2 Omnibus Rule, the Privacy Rule, 4 the Security Rule, 5 and the Enforcement Rule 6 promulgated by HHS under HIPAA and HITECH. I. Federal Government Initiatives Focusing on Health IT Safety A. Overview and Background Health IT patient safety issues have drawn significant attention from the Office of the National Coordinator for Health Information Technology ( ONC ) and are likely to have considerable impact on health care providers and IT developers alike. Recent examples of ONC s efforts in this area are the Health IT Patient Safety Action & Surveillance Plan 7 issued on July 2, 2013 and the SAFER Guides 8 issued on January 15, 2014, each of which are discussed in Sections C and D below. Health IT was also addressed as part of changes to the medical device provisions of the Food and Drug Administration Safety and Innovation Act of 2012, Pub. L. No ( FDASIA ). Specifically, Section 618 of the FDSIA requires the Secretary of HHS to post a report by January 2014 with a proposed strategy and recommendations on a risk-based regulatory framework pertaining to health IT, including mobile applications, that promotes innovation, protects patient safety, and avoids regulatory duplication. The report had not been issued when this outline was prepared, but the draft recommendations of a committee formed to make recommendations is discussed below in Section E. These efforts were preceded by the 2011 Institute of Medicine report on health IT and patient safety (the IOM Report ) discussed in Section B below. The focus on safety of electronic health records was also seen in portions of the Stage 2 meaningful use requirements adopted for the Medicare and Medicaid Electronic Health Record ( EHR ) Incentive Program. 9 Although the increased focus on safety may in fact improve patient care, counsel for providers and developers should also note the possibility that the increasing amount of safety data, studies and tools could affect the standard of care that may apply in negligence cases. For example, members of the plaintiff malpractice bar may use this information to argue that health care providers should be liable for health IT-related patient harm if they did not select a safe system or did not report, monitor or take appropriate action regarding health IT-related patient safety events. This is an evolving area which should be evaluated on an ongoing basis in light of industry developments and new case law. B Institute of Medicine Report on HIT and Patient Safety While EHRs and other HIT are often touted as improving patient safety, some studies have indicated that they can present complicated risks if not carefully designed, implemented and monitored in use. These risks appear to arise from numerous factors including (i) the wide range of health information that may be recorded by numerous personnel; (ii) the lack of uniform standards for how various types of health information are recorded and made accessible; (iii) constantly changing technology and standards of 4 Standards for Privacy of Individually Identifiable Health Information; Final Rule, 65 Fed. Reg (Dec. 28, 2000) (as amended) (amending 45 C.F.R., Parts 160 and 164). 5 Standards for Privacy of Individually Identifiable Health Information; Final Rule, 65 Fed. Reg (Dec. 28, 2000) (as amended) (amending 45 C.F.R., Parts 160 and 164). 6 HIPAA Administrative Simplification: Enforcement; Interim Final Rule, 74 Fed. Reg (Oct. 30, 2009). 7 (last visited Jan. 26, 2014). 8 News Release, U.S. Department of Health & Human Services, HHS makes progress on Health IT Safety Plan with release of SAFER Guides (Jan. 15, 2014), available at: (last visited Jan. 16, 2014) Fed. Reg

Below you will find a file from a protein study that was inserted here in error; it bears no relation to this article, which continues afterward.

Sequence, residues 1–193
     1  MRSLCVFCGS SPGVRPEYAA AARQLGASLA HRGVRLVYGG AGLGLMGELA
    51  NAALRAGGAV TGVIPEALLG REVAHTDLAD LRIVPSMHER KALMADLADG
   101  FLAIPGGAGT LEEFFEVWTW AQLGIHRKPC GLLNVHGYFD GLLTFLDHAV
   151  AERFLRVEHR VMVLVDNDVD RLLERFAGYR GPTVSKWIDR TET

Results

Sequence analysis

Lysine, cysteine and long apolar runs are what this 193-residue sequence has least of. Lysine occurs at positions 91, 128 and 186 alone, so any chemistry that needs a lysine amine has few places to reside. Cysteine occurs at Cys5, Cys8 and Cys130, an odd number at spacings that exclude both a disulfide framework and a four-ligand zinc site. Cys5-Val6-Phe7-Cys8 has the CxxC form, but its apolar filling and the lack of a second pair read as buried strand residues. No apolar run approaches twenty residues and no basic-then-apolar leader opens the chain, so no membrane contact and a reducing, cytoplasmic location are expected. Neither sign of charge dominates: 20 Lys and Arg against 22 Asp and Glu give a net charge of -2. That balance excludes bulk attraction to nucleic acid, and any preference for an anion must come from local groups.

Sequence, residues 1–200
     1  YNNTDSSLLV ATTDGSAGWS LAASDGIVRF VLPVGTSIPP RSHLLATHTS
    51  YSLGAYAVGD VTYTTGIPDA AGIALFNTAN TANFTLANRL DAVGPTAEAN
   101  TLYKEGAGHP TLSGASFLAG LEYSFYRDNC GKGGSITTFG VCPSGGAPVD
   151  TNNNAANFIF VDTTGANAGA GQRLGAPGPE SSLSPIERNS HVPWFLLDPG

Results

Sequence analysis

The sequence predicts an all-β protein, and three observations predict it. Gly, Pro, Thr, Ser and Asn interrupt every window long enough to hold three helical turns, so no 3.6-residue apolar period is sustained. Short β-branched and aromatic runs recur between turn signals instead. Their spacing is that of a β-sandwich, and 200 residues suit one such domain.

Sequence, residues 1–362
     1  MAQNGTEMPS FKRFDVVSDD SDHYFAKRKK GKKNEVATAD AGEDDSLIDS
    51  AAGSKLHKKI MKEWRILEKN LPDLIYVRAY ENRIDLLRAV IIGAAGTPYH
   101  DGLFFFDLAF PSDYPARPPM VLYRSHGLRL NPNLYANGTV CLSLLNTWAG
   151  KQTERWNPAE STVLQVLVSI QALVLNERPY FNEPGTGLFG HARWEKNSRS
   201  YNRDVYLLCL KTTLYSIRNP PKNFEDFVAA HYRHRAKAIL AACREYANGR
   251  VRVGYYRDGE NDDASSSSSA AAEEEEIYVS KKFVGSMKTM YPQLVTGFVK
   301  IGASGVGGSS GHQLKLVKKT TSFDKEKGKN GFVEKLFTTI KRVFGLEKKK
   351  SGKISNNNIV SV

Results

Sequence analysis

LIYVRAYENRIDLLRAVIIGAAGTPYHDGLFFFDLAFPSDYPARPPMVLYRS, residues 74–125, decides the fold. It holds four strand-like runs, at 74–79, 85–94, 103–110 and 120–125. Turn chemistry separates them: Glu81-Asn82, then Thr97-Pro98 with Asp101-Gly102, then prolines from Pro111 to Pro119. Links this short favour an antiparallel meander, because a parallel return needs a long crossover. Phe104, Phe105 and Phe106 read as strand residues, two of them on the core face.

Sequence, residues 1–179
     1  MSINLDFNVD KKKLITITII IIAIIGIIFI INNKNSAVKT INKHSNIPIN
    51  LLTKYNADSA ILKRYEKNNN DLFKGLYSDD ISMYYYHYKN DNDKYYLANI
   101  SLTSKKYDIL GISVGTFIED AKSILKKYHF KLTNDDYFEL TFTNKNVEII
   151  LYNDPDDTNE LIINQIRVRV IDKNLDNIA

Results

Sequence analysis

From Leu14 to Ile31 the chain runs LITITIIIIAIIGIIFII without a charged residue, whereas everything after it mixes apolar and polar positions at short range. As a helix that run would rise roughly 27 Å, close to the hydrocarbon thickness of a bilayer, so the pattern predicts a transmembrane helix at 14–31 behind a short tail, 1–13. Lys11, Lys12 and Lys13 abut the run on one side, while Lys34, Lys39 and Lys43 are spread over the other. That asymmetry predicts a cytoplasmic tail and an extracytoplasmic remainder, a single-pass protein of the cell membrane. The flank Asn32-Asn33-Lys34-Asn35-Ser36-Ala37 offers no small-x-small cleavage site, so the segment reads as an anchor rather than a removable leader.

3 practice; and (v) complex human factors that affect clinical interaction with HIT, including the impact on care processes and workflows. For example, a poorly designed EHR that requires a user to remember specific patient information while navigating multiple screens to enter an order may increase the user s cognitive load to a degree that makes errors more likely, especially if the user is subject to interruptions while trying to enter the order. Drop down menus of medications listed alphabetically rather than by type (antibiotics, anti-depressants, etc.) has also been noted as a design factor that may lead to prescribing errors (sometimes referred to as juxtaposition errors ). Clinical alerts generated by EHRs are overridden surprisingly often, especially if the clinicians feel that they do not provide useful information. 10 The Joint Commission ( TJC ) was one of the first organizations to identify these risks and how they can be addressed in its 2008 Sentinel Event Alert titled Safely implementing health information and converging technologies ( SEA 42 ). SEA 42 suggested 13 actions ranging from an early examination of workflows and involving clinicians in planning to monitoring systems after implementation to track errors and close calls. 12 To date reporting of sentinel events is voluntary and statistics on SEA 42 reports are not published but there are pressures for more reporting and transparency as evidenced in the Plan described below. Perhaps recognizing that the increased use of EHRs encouraged by billions of dollars in meaningful use incentives could lead to increased risk, the Department of Health and Human Services ( HHS ) funded an Institute of Medicine report 13 examining how the use of HIT affects the safety of patient care (the IOM Report ). Although significant improvements were noted from use of CPOE (computerized provider order entry) and bar coding, the IOM Report also reviewed studies that reported some instances of HITassociated harm. 14 Although the full report should be reviewed for additional detail and context, some of the recommendations of the IOM Report 15 are summarized below: 1. HHS should publish an action and surveillance plan within 12 months with a schedule for working with the private sector to assess the impact of HIT on patient safety and minimize the risk of implementation and use. The plan should include actions by several government entities and accreditation organizations to (a) develop measures for safety; (b) work with vendors on promoting safety in development; (c) work with vendors and health care providers on post-implementation safety testing of EHRs for high prevalence, high impact EHR-related patient safety risks; and (d) adopt criteria for EHR safety for use by accrediting organizations. 2. HHS should ensure insofar as possible that vendors support and do not prohibit the free exchange of information about HIT safety, including details such as screenshots. 10 Several studies of unintended adverse consequences of HIT are summarized in materials provided for the 2007 and 2008 AHLA Annual meetings. See M. Lamar, Planning to Minimize the Pitfalls of Electronic Systems and Metadata (2007) and Lessons Learned from Electronic Health Record and Health Information Exchange Projects (2008). Additional studies are cited in the 2011 IOM Report and the Draft Report issued in connection with the FDASIA, both of which are cited below. 11 converging_technologies, accessed Jan. 16, Id. 13 IOM (Institute of Medicine) Health IT and Patient Safety: Building Safer Systems for Better Care. 14 IOM report at S-2 15 IOM Report at S-4 through S-11. 3